Ransomware Payments Down By 40% in 2022

2 min read


Ransomware groups extorted $456.8 million from organizations in 2022, less than the last two years.

Technical Summary:

2022 saw a lot of attacks such as phishing, DDoS, and ransomware, specifically ransomware groups extorting $456.8 million from companies. This marked a drop in money extorted by 40% from the previous two years that saw record-breaking highs with it being $765 million. 

The decline in ransomware profits isn’t from fewer attacks but is stimmed by victims deciding not to pay the hackers. Ransomware in general was very active in 2022, with thousands of file-encrypting malware strains targeting organizations of all sizes and sectors. 

Due to payments decreasing this also resulted in the average lifespan of a ransomware strain dropping from 153 days in 2021 to just 70 in 2022. Despite multiple extortion tactics such as leaking data and file encryption of DDoS attacks, victims are still refusing to pay the ransom and meet the attacker’s demands. 

Coveware a cyber threat intelligence firm has identified the trend since 2019 and stated that the victim paying rates are constantly going down. In 2019 76% of victims decided to pay the ransom while 26% decided to not pay and deal with the consequences. Since then each year the percentage of victims paying has gone down and the victims that did not pay has gone up by 19=20%.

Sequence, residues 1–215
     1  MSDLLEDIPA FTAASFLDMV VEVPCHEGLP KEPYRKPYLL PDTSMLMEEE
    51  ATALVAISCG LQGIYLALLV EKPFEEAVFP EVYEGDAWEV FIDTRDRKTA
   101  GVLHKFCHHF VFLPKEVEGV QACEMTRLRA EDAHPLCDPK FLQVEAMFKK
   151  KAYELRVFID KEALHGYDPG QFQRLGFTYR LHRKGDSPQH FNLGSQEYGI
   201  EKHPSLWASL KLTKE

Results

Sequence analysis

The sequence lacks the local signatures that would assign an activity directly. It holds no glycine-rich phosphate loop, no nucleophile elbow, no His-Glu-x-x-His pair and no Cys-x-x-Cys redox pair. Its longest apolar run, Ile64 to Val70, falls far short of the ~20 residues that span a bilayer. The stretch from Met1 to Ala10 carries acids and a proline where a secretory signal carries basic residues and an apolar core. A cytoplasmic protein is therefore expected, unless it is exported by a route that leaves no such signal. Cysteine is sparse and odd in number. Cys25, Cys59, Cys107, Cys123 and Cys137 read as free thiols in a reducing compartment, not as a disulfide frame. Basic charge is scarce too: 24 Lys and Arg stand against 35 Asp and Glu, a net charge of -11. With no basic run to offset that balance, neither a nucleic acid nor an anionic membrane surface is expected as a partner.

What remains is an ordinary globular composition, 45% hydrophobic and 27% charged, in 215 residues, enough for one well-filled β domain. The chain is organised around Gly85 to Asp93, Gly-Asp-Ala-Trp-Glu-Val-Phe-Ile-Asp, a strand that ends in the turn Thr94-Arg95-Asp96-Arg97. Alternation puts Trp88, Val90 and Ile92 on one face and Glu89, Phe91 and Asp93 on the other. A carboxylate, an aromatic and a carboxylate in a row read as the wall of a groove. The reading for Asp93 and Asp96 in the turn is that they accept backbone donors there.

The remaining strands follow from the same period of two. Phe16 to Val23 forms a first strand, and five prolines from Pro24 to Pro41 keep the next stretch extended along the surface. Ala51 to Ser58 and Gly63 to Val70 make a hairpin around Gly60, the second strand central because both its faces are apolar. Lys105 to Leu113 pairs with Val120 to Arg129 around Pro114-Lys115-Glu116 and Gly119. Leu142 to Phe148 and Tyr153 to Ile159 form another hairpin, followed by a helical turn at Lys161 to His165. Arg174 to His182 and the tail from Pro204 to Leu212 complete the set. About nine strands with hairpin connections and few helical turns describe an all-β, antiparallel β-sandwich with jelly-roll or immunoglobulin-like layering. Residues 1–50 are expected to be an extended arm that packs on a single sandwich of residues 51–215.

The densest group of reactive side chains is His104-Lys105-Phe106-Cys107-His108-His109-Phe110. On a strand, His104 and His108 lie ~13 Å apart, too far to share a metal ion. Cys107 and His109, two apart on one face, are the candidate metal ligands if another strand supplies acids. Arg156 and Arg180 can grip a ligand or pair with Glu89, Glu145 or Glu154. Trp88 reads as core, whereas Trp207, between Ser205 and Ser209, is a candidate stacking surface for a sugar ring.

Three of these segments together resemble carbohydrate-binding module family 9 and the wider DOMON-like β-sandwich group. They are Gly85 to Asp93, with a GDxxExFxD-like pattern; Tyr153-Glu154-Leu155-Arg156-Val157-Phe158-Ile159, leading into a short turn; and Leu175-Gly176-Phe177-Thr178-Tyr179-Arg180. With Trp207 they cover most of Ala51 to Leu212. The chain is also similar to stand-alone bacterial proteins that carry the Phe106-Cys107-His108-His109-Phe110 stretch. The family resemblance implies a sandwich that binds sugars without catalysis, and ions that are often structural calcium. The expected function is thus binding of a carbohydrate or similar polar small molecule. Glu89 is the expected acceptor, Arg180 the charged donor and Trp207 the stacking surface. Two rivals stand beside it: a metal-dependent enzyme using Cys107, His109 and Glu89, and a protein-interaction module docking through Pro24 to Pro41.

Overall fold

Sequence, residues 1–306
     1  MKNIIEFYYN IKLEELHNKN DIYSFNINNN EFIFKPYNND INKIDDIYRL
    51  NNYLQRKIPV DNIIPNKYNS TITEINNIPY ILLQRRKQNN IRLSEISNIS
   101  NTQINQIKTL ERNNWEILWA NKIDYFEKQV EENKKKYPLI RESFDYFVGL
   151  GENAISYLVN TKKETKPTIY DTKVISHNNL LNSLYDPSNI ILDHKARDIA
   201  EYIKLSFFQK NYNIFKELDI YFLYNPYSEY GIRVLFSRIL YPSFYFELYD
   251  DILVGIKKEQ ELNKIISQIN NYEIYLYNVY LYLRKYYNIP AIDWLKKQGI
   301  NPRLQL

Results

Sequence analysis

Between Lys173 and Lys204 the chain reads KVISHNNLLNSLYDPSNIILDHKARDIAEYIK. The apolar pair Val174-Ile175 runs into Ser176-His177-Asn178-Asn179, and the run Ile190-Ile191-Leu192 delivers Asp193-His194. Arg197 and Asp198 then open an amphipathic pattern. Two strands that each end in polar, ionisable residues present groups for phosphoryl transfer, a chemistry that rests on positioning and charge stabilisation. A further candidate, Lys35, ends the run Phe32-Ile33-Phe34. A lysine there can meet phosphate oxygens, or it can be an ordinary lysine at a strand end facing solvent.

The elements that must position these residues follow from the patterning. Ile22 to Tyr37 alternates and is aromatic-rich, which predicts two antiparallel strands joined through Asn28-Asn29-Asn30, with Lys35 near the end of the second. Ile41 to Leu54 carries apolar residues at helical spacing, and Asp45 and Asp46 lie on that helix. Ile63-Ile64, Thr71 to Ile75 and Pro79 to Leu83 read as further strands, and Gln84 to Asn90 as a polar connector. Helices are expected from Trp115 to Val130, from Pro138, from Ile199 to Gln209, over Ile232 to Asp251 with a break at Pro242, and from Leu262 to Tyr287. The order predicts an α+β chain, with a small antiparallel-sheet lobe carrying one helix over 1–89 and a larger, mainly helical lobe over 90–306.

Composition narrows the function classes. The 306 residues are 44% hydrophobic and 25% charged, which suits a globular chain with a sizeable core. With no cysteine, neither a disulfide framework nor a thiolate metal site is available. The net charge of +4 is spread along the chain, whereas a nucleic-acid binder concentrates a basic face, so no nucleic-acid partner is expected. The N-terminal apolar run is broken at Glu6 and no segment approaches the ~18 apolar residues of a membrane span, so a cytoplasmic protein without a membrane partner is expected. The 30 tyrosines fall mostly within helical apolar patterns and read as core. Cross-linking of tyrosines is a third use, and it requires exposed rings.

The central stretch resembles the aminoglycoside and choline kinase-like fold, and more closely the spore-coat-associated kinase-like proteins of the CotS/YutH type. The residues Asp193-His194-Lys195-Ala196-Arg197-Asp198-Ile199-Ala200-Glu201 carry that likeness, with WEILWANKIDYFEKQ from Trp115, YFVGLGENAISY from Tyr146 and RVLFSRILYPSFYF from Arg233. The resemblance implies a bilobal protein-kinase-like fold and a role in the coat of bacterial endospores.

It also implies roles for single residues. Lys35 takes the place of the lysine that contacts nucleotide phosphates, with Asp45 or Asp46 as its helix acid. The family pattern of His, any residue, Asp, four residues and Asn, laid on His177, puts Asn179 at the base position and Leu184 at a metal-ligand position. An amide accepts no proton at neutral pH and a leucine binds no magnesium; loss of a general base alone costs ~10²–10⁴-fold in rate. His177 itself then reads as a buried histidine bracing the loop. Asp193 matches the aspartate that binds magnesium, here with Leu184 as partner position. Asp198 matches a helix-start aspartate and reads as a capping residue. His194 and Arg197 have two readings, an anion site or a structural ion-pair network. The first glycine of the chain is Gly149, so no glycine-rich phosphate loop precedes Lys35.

Attack Tactics, Techniques & Procedures:

Resource Development (TA0042)

  • Compromise Accounts (T1586) 
  • Compromise Infrastructure (T1584) 

Credential Access (TA0006) 

  • Exploitation for Credential Access (T1212)

Impact (TA0040)

  • Data Manipulation (T1565) 
  • Data Destruction (T1485)
  • Data Encrypted for Impact (T1486)
  • System Shutdown/Reboot (T1529) 

Reconnaissance (TA0043)

  • Gather Victim Identity Information (T1589) 
  • Gather Victim Identity Org Information (T1597)

Initial Access (TA0001)

  • Valid Accounts (T1078)

Affected Assets and Organizational Impact:

Ransomware attacks can have severe consequences on organizations ranging from files stolen, loss of revenue, and a tarnished reputation due to the severity of the attack. Many popular groups like LockBit, Hive, Cuba, Royal, Ragar, and BlackCat emerged through 2022 as the new ransomware-as-a-service groups. All the main groups I mentioned above makeup 75% of all ransomware strains distributed to victims. 

Mitigation & Response:

This past year has taken a turn for the better, 2022 was the first year that more ransomware victims did not pay. The approach changing stems from victims realizing that paying the ransom does not guarantee their files will be given back or not deleted. Another reason is that the perception of ransomware attacks has matured, and companies know what kind of news it brings if they were to pay to cause their reputation to be tarnished. Lastly, organizations may be implementing better backup strategies that allow them to fully recover easier if they were a victim of a ransomware attack.